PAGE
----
Would Yemeni law find Anwar Awlaki guilty?
Yemen’s Foreign Minister Abu Baker al Qirby urged Anwar Awlaki to turn himself to be tried under Yemeni law, vowing that no Yemeni citizen would be extradited to the US or any other country.
The US announced last week that it had authorized Awlaki’s kill or capture, having determined he is an active al Qaeda operative. Awlaki was previously known for brainwashing vulnerable persons on the internet. Awlaki holds duel Yemeni-American citizenship.
“Yemen is going to prosecute those within its territory, and they will be punished according to the law if found guilty of any crimes punishable by the law,” al-Qirby said in an interview published by the quasi governmental Yemen Observer.
There is one small problem. Yemen’s law does not criminalize jihad abroad in defense of occupied Muslim lands. If Anwar Awlaki, or any other Yemeni jihaddist, is guilty of conspiring to commit murder in the US, there’s no law in Yemen that prohibits it. Yemeni courts have explicitly accepted jihad as a viable defense.
In a terror trial in July, 2006, the defendants admitted to fighting in Iraq against coalition forces as well as training suicide bombers. “This does not violate [Yemeni] law,” the judge found. “Islamic Sharia law permits jihad against occupiers,” he said.
Jihad on American Soldiers and American Civilians
What is jihad? A lethal shooting spree at Fort Hood, according to Anwar Awlaki. Awlaki was in contact with Nidal Hassan prior to the attack and issued a statement after, entitled “Nidal Hassan is a hero.”
Personable and easy spoken, Awlaki is the calm western voice of al Qaeda’s bloody fanaticism who slipped under the door of many English speaking homes. His logic of slaughter is chilling: “Nidal opened fire on soldiers who were on their way to be deployed to Iraq and Afghanistan. How can there be any dispute about the virtue of what he has done?” Some of Yemen’s religious authorities also consider US troops as legitimate targets of terrorism.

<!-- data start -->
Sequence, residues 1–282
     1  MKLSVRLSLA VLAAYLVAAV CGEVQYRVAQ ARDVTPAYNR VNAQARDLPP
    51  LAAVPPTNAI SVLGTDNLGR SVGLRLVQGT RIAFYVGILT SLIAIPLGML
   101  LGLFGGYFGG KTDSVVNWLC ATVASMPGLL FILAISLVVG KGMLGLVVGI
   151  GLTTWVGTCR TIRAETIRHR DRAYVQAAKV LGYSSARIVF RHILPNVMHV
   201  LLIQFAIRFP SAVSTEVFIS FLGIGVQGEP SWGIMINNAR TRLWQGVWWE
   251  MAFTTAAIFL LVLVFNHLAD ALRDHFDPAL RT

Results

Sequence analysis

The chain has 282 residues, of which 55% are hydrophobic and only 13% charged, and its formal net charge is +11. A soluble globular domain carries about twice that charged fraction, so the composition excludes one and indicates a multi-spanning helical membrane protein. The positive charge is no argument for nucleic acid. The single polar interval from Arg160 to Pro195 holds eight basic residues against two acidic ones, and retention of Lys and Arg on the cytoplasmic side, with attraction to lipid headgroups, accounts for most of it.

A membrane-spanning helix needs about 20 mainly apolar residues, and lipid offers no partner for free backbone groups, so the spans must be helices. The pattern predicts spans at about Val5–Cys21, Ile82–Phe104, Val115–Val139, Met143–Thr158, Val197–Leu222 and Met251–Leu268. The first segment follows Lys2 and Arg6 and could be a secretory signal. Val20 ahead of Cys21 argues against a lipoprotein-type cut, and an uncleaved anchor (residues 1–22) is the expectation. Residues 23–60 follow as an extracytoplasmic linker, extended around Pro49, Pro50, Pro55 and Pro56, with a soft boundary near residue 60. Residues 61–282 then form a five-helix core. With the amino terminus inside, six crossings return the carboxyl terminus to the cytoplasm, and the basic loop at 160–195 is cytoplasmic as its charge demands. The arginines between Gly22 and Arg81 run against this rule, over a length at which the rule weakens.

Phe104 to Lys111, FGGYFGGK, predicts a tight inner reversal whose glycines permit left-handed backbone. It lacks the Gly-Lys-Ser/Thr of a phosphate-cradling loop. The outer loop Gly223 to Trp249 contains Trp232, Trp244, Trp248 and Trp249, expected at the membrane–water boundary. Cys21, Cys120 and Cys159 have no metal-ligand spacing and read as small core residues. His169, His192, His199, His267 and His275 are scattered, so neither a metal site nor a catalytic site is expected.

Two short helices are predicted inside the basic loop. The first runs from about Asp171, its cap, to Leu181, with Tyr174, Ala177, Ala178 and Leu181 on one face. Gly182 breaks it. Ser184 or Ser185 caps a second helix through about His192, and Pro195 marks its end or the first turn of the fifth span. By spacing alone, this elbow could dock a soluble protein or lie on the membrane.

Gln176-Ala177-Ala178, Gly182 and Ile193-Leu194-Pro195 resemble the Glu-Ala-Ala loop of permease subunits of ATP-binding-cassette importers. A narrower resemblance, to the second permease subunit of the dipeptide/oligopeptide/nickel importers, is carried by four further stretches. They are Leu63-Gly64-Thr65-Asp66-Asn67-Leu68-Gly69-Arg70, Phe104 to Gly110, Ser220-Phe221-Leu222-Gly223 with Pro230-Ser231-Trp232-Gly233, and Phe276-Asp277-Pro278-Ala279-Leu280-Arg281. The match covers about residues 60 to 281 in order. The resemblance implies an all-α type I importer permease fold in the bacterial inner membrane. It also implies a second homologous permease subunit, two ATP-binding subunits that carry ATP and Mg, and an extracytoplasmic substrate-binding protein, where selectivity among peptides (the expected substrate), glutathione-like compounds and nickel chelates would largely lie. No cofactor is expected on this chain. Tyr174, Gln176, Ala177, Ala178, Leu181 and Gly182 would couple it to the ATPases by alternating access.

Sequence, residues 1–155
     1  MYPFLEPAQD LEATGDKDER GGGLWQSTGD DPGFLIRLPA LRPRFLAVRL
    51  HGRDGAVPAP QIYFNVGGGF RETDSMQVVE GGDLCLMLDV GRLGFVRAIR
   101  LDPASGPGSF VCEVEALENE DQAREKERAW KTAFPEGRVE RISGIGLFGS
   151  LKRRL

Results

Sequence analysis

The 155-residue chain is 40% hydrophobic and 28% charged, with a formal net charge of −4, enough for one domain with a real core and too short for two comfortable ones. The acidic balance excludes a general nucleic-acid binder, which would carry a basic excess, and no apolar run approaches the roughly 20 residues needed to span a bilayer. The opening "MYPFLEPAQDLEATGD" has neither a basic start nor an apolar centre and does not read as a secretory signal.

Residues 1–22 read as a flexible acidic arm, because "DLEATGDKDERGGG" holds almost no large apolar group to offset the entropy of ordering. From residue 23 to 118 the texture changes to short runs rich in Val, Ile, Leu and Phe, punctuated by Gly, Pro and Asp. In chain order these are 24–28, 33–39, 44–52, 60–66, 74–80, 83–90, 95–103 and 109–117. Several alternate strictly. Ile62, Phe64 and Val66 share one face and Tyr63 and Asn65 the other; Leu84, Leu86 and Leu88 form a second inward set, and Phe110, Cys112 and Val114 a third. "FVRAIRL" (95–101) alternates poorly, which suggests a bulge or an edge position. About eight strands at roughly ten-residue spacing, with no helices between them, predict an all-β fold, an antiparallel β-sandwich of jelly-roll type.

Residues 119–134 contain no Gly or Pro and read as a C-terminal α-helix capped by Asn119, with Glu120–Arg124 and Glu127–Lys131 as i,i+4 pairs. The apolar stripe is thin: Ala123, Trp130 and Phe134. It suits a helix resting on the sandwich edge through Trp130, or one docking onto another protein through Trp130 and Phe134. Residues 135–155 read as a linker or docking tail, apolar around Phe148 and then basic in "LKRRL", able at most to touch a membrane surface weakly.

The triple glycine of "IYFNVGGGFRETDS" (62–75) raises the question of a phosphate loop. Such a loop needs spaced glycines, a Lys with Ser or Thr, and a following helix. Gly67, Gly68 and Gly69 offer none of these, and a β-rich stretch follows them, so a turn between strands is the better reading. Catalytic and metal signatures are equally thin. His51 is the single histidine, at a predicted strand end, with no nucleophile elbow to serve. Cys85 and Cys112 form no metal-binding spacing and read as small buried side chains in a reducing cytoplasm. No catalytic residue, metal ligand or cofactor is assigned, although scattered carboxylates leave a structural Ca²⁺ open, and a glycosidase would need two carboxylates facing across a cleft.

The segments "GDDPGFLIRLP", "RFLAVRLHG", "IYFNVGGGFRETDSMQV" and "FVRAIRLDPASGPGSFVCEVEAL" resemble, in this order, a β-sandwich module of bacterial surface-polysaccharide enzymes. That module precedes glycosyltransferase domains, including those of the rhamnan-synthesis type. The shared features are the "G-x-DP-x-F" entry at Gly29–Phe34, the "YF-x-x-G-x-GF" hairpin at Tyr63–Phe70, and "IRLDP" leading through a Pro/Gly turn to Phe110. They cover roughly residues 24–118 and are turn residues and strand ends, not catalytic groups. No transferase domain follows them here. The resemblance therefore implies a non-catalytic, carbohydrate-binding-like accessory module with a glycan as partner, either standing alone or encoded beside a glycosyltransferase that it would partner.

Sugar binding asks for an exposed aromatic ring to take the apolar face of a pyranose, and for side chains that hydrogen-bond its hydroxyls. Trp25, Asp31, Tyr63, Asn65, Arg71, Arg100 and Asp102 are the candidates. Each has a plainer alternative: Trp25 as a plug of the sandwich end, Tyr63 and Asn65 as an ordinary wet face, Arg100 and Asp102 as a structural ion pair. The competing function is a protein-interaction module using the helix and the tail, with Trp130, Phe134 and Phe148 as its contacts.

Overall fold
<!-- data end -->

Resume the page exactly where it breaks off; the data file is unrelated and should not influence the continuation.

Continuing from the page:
Yemen’s Koranic dialog program, aimed at reforming al Qaeda terrorists, never discouraged fighting in Iraq. An expedited release program, the dialog program discouraged religious fanatics from defining the regime of President Ali Abdullah Saleh as an apostate. The program’s director, Judge Hamoud al Hittar said in 2005, “Iraq is not a subject of the dialogue.” Al Hittar has since become Minster of Endowments. Some state clerics in Yemen call for harm to the US in weekly prayers.
The Yemeni judicial system and religious authorities have found that US soldiers are legitimate targets. Does it matter if they are in Iraq or the US? Yemeni courts would likely agree with Anwar Awlaki that Fort Hood is a legitimate target of jihad.
Awlaki goes further and defines ordinary Americans as sanctioned victims of terrorism. Awlaki was joyous in praising Umar Farouk Abdulmutalla, who tried to blow up a Detroit-bound airliner on Dec. 25. Exploding a jet plane in mid air is legitimate under Islamic law because “the American populace is living within a democratic regime and they hold the responsibility of its policies.” Awlaki defined all Americans civilians as worthy of a death sentence because they are “participant in all the crimes of their government.”
Yemen’s President Ali Abdullah Saleh openly supports many external resistance groups. Hamas and Hezbollah both have official offices in Yemen. A variety of other regional death cults maintain informal offices.